Russian officials today announced that they will hold additional open cosmonaut recruitment drives, similar to the first held earlier this year, but with revisions.

It appears that the first drive was too short, only six weeks long, and did not get them as many applicants as they would have liked.

Russia has been forced to extend the application period for those who wish to become cosmonauts due to of a lack of response.

Russia has been forced to extend the application period for those who wish to become cosmonauts due to of a lack of response.

Only 151 applicants responded to this first-ever open astronaut application process in Russia’s history. This contrasts badly with NASA’s recent application call, which received the second highest response ever, 6372 applicants.

More than 6,000 people submitted their applications to NASA last week to become astronauts, the most since 1978.

More than 6,000 people submitted their applications to NASA last week to become astronauts, the most since 1978.

Once again, this is strong evidence that Americans want to explore space, and that there is a market out there for private enterprise to cash in on. NASA doesn’t even have a way to put any of these astronauts into space, and yet, people come out in droves to apply.

A new study has been released detailing the vision problems experienced by astronauts on space flights longer than six months

A new study has been released detailing the vision problems experienced by astronauts on space flights longer than six months. Hat tip to Clark Lindsey.

The visual system changes discovered by the researchers may represent a set of adaptations to microgravity. The degree and type of response appear to vary among astronauts. Researchers hope to discover whether some astronauts are less affected by microgravity and therefore better-suited for extended space flight, such as a three-year round trip to Mars.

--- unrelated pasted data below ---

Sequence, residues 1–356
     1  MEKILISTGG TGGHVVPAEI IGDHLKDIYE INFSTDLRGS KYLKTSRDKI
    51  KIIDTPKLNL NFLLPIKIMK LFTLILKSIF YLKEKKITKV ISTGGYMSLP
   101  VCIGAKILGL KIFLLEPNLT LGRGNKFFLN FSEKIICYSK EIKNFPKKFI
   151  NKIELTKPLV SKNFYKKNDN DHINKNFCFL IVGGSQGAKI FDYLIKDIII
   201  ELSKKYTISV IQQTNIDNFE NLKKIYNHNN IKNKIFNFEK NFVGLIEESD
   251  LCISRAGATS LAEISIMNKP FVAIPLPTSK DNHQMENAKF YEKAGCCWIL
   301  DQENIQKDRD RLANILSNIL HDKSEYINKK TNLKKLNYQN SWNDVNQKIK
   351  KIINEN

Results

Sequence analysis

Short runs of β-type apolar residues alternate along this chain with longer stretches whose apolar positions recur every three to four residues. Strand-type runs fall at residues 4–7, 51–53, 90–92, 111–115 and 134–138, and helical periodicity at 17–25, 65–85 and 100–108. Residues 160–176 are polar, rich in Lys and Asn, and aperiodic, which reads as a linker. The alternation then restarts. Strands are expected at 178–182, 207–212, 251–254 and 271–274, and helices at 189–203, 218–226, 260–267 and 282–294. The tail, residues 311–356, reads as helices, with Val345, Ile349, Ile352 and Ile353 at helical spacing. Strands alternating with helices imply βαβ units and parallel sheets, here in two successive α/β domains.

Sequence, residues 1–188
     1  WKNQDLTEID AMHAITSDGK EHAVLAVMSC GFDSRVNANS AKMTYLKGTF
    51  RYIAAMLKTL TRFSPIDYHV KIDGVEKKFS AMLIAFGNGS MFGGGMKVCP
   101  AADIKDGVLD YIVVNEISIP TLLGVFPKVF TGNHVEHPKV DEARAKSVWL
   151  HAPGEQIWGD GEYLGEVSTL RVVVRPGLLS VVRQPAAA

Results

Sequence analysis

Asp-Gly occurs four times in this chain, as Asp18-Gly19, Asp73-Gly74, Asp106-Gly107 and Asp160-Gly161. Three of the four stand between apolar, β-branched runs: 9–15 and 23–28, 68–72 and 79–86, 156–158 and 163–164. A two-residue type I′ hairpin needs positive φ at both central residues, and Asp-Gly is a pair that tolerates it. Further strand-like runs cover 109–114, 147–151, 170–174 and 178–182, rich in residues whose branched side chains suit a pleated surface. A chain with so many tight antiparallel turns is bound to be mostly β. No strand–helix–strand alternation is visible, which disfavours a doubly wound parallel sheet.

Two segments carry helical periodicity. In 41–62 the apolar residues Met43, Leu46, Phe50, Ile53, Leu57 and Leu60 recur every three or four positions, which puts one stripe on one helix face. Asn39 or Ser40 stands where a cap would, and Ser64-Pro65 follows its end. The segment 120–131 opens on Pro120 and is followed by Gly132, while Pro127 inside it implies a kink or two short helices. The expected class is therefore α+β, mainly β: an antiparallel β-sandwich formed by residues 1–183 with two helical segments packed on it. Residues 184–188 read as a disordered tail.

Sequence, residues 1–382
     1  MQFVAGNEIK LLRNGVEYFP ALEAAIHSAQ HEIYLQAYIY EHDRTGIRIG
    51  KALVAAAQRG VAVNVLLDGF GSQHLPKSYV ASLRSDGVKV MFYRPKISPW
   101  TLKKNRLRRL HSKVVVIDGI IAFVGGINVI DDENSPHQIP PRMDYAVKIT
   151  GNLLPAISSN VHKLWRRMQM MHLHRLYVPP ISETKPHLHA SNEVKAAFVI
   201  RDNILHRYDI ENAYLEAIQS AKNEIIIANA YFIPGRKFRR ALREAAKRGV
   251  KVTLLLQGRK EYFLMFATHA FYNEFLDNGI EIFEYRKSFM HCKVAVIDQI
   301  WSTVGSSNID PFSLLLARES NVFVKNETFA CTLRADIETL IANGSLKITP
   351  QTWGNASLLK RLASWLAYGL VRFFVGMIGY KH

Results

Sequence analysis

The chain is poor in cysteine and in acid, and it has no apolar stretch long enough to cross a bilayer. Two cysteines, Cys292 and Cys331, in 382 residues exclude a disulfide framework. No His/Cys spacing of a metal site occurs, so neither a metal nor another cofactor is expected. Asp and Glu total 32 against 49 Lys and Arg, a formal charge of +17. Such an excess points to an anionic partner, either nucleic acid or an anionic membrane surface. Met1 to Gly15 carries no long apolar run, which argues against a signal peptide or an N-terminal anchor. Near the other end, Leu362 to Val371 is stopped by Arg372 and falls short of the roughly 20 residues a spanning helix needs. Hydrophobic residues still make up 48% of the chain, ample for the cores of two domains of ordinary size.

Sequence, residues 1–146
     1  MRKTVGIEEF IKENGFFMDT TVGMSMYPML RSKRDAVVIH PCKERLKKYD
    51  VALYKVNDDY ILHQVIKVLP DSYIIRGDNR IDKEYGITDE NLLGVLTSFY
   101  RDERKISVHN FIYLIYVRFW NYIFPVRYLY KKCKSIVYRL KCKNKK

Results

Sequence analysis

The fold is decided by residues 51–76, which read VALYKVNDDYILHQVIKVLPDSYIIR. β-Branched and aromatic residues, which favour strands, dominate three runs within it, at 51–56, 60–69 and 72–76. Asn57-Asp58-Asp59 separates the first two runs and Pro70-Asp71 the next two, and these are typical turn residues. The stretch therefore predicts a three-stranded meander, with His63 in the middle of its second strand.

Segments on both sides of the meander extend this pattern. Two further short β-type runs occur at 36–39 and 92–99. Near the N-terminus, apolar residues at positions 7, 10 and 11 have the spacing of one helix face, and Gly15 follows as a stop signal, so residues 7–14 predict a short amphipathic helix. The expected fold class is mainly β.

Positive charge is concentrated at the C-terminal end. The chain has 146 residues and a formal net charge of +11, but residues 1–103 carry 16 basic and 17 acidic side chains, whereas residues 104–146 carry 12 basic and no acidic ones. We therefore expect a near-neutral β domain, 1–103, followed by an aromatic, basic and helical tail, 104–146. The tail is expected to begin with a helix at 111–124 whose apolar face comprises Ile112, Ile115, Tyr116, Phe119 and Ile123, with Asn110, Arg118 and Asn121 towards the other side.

In their report, Drs. Mader and Lee also noted a recent NASA survey of 300 astronauts that found that correctible problems with both near and distance vision were reported by about 23 percent of astronauts on brief missions and by 48 percent of those on extended missions. The survey confirmed that for some astronauts, these vision changes continue for months or years after return to Earth.

The dangerous environment of space

A just released report from the National Academies, Preparing for the High Frontier: the role and training of NASA astronauts in the post-space shuttle era, describes the challenges that NASA faces in staffing its astronaut corps in the coming years. More important, however, is some new information buried in the report about the hazards of long term exposure to weightlessness.

For example, it seems a significant number of astronauts have come back from spending months at ISS with serious vision problems, caused by a newly discovered condition dubbed papilledema, the swelling of the optic disk.